When government implements job-creation policies, sometimes it ignores the obvious. Take retail employment. Retailers with actual storefronts employ 1.9 million Americans, more than any other category, according to the Bureau of Labor Statistics.
Yet, retail jobs are in jeopardy. We see vacant stores throughout America. In the fourth quarter of 2011, our national retail vacancy rate was 11 percent, up from 7.7 percent in the first quarter of 2008, according to Reis Reports. It’s a retail vacancy rate we have not seen since 1991. Meanwhile, the unemployment rate for the retail trade is 9.3 percent, one point higher than the national unemployment rate of 8.3 percent.
Why has the retail industry suffered more than other sectors of the economy? Because brick-and-mortar retailers face a plethora of bad government policies.
1.) Retailers pay the highest corporate tax rate. The Obama administration’s recently announced plan to lower corporate tax rates reveals that retailers pay the highest effective tax rate of any industry listed — 31 percent. Retailers have almost no tax loopholes that can lower their effective rates. And unlike other industries, retailers do not have the option of moving overseas.
2.) Brick-and-mortar retailers operate in an unfair market. In 45 states, brick-and-mortar retailers must charge a state sales tax while their Internet competition does not. While consumers in these states are required to report and pay sales tax for out-of-state Internet purchases, few do. Even Amazon — which benefits significantly from the status quo — agrees that the current system must be changed.
In 2010, Virginia’s 8 million citizens reported and paid a grand total of $82,000 of sales tax for out-of-state sales purchases. Given Virginia’s four percent sales tax, that means citizens reported buying only $2 million — or 25 cents per citizen — of online goods from out-of-state providers. Amazon alone had well more than $2 million of Virginia sales. Although Amazon does not publicly break down U.S. sales, in 2010 the online retailer had more than $18.7 billion in North American sales. If you took Virginia’s share of the 463 million combined population of Canada, Mexico and the United States, this would translate to $323 million in Virginia sales — certainly a lowball estimate because it is improbable that Mexicans or even Canadians buy from Amazon at the same rate as Americans.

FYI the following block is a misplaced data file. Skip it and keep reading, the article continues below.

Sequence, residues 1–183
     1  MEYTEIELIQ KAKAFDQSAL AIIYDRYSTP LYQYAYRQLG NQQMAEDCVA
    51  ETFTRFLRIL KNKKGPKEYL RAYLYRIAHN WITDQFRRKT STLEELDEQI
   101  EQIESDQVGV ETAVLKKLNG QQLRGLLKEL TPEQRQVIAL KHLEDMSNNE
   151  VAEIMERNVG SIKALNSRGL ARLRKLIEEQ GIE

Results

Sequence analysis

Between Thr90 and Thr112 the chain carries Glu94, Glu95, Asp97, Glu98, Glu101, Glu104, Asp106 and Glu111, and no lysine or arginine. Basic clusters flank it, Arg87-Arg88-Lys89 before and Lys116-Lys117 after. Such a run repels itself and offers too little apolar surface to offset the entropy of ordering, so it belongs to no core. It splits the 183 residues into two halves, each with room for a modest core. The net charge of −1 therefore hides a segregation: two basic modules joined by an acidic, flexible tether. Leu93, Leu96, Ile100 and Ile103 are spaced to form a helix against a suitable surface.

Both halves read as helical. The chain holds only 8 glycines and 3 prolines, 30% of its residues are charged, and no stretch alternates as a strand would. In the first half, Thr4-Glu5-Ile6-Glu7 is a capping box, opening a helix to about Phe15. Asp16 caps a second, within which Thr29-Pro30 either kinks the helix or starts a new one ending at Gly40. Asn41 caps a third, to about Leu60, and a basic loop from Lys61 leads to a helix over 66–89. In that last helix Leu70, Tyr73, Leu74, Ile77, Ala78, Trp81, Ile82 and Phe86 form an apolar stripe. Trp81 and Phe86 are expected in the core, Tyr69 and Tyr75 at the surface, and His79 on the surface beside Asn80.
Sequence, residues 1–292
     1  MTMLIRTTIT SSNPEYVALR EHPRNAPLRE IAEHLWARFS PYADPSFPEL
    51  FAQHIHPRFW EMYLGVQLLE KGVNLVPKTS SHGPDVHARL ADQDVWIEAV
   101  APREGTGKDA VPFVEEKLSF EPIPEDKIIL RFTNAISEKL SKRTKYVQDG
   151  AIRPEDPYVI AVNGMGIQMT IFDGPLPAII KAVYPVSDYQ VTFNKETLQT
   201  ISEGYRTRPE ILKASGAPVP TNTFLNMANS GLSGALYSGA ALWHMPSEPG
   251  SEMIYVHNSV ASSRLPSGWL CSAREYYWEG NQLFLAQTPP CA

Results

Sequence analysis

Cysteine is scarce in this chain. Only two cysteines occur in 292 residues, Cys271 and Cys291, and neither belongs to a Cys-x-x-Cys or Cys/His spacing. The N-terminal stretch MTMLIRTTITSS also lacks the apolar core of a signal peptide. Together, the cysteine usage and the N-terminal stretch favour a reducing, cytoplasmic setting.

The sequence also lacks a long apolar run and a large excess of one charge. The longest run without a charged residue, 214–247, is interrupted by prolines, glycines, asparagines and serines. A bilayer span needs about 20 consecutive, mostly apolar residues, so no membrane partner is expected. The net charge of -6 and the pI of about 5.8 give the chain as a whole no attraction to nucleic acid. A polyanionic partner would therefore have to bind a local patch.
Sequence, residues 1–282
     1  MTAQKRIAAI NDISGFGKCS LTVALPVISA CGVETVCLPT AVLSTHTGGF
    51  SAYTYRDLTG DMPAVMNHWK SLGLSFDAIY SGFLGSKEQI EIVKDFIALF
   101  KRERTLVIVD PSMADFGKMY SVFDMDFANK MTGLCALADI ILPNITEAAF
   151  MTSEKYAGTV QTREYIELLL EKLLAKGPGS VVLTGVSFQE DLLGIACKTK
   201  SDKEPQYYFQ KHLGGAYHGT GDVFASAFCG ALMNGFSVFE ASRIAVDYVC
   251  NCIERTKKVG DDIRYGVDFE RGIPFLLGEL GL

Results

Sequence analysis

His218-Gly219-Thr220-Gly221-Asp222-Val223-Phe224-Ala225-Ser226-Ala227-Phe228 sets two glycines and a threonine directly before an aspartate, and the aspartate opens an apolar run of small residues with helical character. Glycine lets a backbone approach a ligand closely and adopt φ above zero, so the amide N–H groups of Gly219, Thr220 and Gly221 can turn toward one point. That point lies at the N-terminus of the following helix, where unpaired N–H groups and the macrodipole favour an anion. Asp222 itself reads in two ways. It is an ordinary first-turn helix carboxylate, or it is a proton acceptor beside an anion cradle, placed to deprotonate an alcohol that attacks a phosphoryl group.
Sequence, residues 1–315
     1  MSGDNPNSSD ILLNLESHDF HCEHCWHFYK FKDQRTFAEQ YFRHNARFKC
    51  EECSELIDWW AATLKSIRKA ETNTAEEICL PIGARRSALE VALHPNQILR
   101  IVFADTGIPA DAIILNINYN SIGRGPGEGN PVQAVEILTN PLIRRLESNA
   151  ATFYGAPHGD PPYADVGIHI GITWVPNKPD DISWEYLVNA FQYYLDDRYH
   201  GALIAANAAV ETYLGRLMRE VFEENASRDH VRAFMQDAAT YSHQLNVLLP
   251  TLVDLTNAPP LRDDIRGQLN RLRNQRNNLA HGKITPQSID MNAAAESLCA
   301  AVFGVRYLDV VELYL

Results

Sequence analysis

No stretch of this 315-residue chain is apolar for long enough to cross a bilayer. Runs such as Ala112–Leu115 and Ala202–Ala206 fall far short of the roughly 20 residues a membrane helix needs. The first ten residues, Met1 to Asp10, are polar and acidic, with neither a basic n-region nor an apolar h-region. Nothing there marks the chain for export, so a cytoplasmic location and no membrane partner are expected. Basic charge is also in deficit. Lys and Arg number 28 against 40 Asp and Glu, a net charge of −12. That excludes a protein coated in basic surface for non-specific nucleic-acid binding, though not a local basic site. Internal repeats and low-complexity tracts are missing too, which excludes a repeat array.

So Amazon purchases alone are underreported at least a hundred-fold, if not a thousand-fold, in Virginia and likely others states. This means Virginia retailers are losing significant revenue to out-of-state sellers. More, the Virginia government is being deprived of at least $10 million in revenue from Amazon purchases. This money not only represents an unfair burden on brick-and-mortar retailers but also reflects lost revenue that could be used to provide services to Virginia citizens. A simple congressional fix, the Main Street Fairness Act, would put online and brick-and-mortar retailers on the same footing.
The Virginia situation has in part been resolved for Amazon because Gov. Bob McDonnell announced on February 22 that Amazon would begin collecting sales tax from Virginia residents by September 1, 2013, or earlier if Congress acts to resolve the situation. But Amazon is just one Internet seller among many.